Silver code

According to our data, the Silver Code had no value for predicting death/hospitalisation or death/stroke during the first 3 months after TAVI. The calculation of this parameter prior to deciding on the suitability of a patient for TAVI is another recommendation of the EUGMS [17]. Previous studies have demonstrated a relationship between Silver Code and one-year mortality, although this was in the setting of the Emergency Department [26, 46]. As the Silver Code is determined from administrative data, it is particularly suited to planned procedures such as TAVI. Therefore, although it was not found to be an independent predictor of outcome in the present analysis, it should perhaps not be discounted. Further evaluation in a larger population may clarify its utility as part of a CGA prior to TAVI.


Firstly, as an observational study, inherent limitations such as a higher potential for missing data are present. However, the observational aspect carried several advantages, such as an evaluation of TAVI patients in a real-world setting, avoiding the confounding issue of the strict inclusion and exclusion criteria used for clinical trials. This is particularly important, as geriatric patients are often those excluded due to high levels of comorbidity. Secondly, our findings are currently only applicable to geriatric patients at higher surgical risk. Considering that there is a current shift in clinical practice towards TAVI in lower-risk patients who are normally eligible for surgical heart valve replacement, re-evaluation of CGA in different populations may become necessary. In addition, we were only able to obtain data for a modest number of patients from three participating sites, limiting statistical power and generalisability. Indeed, the relatively low incidence of mortality and stroke at 3 months in a fairly small sample may have resulted in suboptimal power to detect baseline characteristics that are predictive for this outcome. Future studies in larger samples would be useful for clarification.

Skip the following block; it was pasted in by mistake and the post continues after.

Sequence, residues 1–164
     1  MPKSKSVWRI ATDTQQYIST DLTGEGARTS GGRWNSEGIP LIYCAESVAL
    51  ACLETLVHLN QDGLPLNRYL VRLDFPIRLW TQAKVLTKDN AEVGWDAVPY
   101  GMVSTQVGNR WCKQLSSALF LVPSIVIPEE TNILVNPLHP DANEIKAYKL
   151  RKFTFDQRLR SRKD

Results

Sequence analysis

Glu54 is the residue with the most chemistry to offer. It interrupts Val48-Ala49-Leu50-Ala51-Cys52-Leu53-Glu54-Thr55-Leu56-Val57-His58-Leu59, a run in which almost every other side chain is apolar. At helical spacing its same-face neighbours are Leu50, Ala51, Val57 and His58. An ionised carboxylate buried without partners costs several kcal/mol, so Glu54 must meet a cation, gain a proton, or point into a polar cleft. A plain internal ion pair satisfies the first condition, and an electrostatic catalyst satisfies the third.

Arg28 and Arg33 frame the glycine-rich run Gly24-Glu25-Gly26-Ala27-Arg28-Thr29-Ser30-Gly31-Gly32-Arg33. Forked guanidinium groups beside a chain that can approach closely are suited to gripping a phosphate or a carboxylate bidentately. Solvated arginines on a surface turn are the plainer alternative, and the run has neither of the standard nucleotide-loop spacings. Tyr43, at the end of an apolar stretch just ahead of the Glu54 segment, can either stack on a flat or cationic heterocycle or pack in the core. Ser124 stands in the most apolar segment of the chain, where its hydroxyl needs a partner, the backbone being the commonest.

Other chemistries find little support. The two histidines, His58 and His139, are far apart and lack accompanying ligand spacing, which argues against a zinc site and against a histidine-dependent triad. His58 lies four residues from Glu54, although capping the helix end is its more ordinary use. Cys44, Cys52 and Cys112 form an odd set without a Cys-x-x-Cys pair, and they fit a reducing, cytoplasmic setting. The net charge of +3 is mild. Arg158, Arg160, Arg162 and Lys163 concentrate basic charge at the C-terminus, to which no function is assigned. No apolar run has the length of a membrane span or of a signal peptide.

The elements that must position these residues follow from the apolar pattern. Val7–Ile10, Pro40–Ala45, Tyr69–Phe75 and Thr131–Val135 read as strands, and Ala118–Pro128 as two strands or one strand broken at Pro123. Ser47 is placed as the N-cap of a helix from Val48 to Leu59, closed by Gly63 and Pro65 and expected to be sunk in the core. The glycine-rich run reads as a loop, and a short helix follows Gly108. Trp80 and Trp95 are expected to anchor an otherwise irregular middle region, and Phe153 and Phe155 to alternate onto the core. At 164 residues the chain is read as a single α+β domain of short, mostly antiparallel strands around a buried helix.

Several aspects of the CGA have shown promise for being of use to physicians when predicting the likelihood of death, rehospitalisation and non-fatal stroke following TAVI. The strong association between MPI and such outcomes indicates its potential utility in clinical practice. In addition, the SPPB may have significant value, being simple and quick to perform; however, the modest sample size included herein limit the formation of firm conclusions, and validation of these findings in a larger sample of TAVI patients with a greater range of surgical risk is warranted.

Clinical perspectives

The accuracy of conventional surgical risk scores is known to be suboptimal for predicting the outcomes of TAVI in elderly aortic stenosis patients. This study shows a potential benefit of adding items from a comprehensive geriatric assessment (CGA) to pre-intervention assessments. This now requires further validation in larger cohorts.



American College of Cardiology


Aortic stenosis


Aortic valve


Body mass index


Comprehensive geriatric assessment


Congestive heart failure


Confidence interval


Cumulative illness rating scale


Electronic case report form


Exton-Smith Scale


European union geriatric medicine society


Instrumental Activities of Daily Living


Left ventricular ejection fraction


Major adverse cardiac or cerebrovascular event


Myocardial infarction


Mini nutritional assessment


Multidimensional prognostic index


New York Heart Association


Odds ratio


Surgical aortic valve replacement


Short portable mental status questionnaire


Short physical performance battery


Society of thoracic surgeons


Transcatheter aortic valve implantation


Transient ischaemic attack